If it was a bribe, it was too small, and if it was a tip, it was too big. Either way, it could cost Robert Paul Bossany as much as 14 years in prison.

The 37-year-old Prior Lake man on Thursday admitted that he helped a Chicago-area computer parts supplier defraud Best Buy Co. Inc. out of about $31 million. Bossany had worked at the electronics retailer from 2001 through last fall, when he was fired.

For his part in the scheme, Bossany told Chief U.S. District Judge Michael Davis, he got about $100,000 in cash, checks or gift cards that had been stuffed into magazines, compact discs or DVDs and shipped to his Prior Lake home.

Davis seemed incredulous. He asked Bossany if he had any offshore bank accounts. Bossany said he didn't. Davis asked if he knew how much the computer-parts company, known as the Chip Factory, was allegedly defrauding Best Buy.

Bossany said that, until 2007, he had no grasp of the size of the alleged fraud.

Davis then asked Bossany about a Harley-Davidson motorcycle that he had bought from Russell Cole, the Chip Factory's president. Bossany said that he had written Cole a check for $10,000, but that it was never cashed.

"What's the book value on that Harley?" Davis asked.

"About $25,000," Bossany said.

Davis accepted Bossany's guilty plea to conspiracy and money-laundering charges. Federal guidelines indicate that he could face 7¼ to 15 years in prison when he's sentenced, plus fines of $15,000 to $150,000, and as long as three years on supervised release. He also faces mandatory restitution.

Bossany hopes to get a reduced sentence by cooperating with government investigators.

So far, he's the only defendant charged in the case, but federal investigators filed documents in late December seeking to seize some expensive real estate in the suburban Chicago area that they say was bought with the proceeds of the kickback scheme.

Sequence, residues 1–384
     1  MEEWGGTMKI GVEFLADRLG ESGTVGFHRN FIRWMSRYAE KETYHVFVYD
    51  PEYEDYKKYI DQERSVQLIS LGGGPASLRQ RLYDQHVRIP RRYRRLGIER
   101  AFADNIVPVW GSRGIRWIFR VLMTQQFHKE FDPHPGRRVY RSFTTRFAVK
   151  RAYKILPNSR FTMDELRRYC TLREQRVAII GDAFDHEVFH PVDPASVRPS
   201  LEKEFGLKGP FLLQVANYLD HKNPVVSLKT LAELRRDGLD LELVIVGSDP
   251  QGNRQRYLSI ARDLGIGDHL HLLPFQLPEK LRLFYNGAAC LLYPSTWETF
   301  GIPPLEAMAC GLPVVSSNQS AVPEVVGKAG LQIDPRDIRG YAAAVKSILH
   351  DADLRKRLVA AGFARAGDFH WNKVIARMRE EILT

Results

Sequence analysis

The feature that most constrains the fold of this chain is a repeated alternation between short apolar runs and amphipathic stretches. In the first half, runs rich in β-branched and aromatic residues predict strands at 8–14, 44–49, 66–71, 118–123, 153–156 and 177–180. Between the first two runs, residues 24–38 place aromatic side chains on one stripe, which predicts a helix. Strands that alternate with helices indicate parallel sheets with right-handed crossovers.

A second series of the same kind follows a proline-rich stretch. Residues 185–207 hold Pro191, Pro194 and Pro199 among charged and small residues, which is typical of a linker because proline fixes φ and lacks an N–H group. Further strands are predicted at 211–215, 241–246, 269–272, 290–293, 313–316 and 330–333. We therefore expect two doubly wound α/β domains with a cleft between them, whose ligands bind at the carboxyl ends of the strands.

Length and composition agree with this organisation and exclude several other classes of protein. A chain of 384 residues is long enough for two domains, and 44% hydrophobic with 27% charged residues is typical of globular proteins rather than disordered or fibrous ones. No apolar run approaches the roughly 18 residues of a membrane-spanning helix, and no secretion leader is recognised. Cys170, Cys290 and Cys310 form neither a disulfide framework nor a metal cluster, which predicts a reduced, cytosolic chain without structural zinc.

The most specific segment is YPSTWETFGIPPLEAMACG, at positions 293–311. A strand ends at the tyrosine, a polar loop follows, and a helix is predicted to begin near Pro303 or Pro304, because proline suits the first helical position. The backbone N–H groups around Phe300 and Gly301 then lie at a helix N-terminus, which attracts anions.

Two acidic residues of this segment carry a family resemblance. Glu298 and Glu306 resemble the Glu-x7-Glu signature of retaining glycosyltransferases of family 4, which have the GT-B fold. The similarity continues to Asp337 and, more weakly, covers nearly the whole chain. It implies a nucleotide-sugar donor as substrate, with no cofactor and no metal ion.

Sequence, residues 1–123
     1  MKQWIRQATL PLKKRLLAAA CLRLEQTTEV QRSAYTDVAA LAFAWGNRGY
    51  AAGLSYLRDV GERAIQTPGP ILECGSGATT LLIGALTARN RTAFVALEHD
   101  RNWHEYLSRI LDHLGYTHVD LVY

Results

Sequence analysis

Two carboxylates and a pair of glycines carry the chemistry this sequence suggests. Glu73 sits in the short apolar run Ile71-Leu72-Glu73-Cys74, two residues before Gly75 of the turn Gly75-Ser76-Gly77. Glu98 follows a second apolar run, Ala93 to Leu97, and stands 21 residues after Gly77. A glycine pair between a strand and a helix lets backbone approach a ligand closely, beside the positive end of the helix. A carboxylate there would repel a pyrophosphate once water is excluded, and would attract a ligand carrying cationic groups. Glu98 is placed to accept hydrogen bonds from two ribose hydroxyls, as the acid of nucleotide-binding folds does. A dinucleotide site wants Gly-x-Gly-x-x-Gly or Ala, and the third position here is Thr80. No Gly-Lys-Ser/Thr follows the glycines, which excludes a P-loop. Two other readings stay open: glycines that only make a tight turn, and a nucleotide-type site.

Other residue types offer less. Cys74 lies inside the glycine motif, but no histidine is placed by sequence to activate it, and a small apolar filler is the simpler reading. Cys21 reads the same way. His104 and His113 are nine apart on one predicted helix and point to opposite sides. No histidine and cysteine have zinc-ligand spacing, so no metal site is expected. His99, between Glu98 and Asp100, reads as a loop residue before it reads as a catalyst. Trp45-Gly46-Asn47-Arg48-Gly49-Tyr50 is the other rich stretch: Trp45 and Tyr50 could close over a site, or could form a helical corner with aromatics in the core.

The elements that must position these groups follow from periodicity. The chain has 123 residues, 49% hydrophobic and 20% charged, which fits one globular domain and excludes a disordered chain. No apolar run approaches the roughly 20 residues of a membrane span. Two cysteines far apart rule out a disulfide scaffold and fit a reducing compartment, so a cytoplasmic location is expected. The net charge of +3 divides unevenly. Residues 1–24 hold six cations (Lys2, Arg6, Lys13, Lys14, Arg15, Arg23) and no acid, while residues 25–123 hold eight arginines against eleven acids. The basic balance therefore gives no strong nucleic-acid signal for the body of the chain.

According to a sworn statement by U.S. Postal Inspector Barry Bouchie, the government suspects that Cole and his wife, Abby, who own the Chip Factory, used $2.8 million from the Best Buy fraud proceeds to buy land in Deerfield, Ill., tear down an existing house and build a custom residence. Chip Factory's revenue and the Coles' income came almost entirely through their dealings with Best Buy, Bouchie said.

Neither the Coles nor an attorney for them could not be reached for comment.

Assistant U.S. Attorney William Otteson, who prosecuted Bossany, had him confirm how the scheme worked: When Richfield-based Best Buy needed computer parts, it would notify an online procurement network called National Parts Inc.

Bait and switch

Suppliers, including the Chip Factory, had access to the network. If they had parts in stock, they would bid to fill Best Buy's order.

The procurement network helps Best Buy get parts as quickly and cheaply as possible, Otteson said. But according to Bossany's plea agreement, the Chip Factory would submit "fraudulently low" bids on parts that it often didn't have in stock. After it won a bid, the government says, Chip Factory would then submit fraudulent invoices to Best Buy through National Parts at prices "significantly higher than its bid price."

The government says that, from 2003 through 2007, Chip Factory invoiced Best Buy for $60 million in parts; just more than half of that involved fraud.

Bossany admitted to using his role as a vendor-relations manager to help Chip Factory conceal the phony invoices from his supervisors and co-workers, who were growing suspicious. He also admitted to supplying Chip Factory's officers with confidential and internal documents from Best Buy.

Tax returns for 2003 through 2007 show that the Coles claimed earnings of about $5.7 million, while Chip Factory reported profit of $8.1 million.

The case is being investigated by the U.S. Postal Inspection Service, the IRS Criminal Investigations Division and the FBI.

Dan Browning • 612-673-4493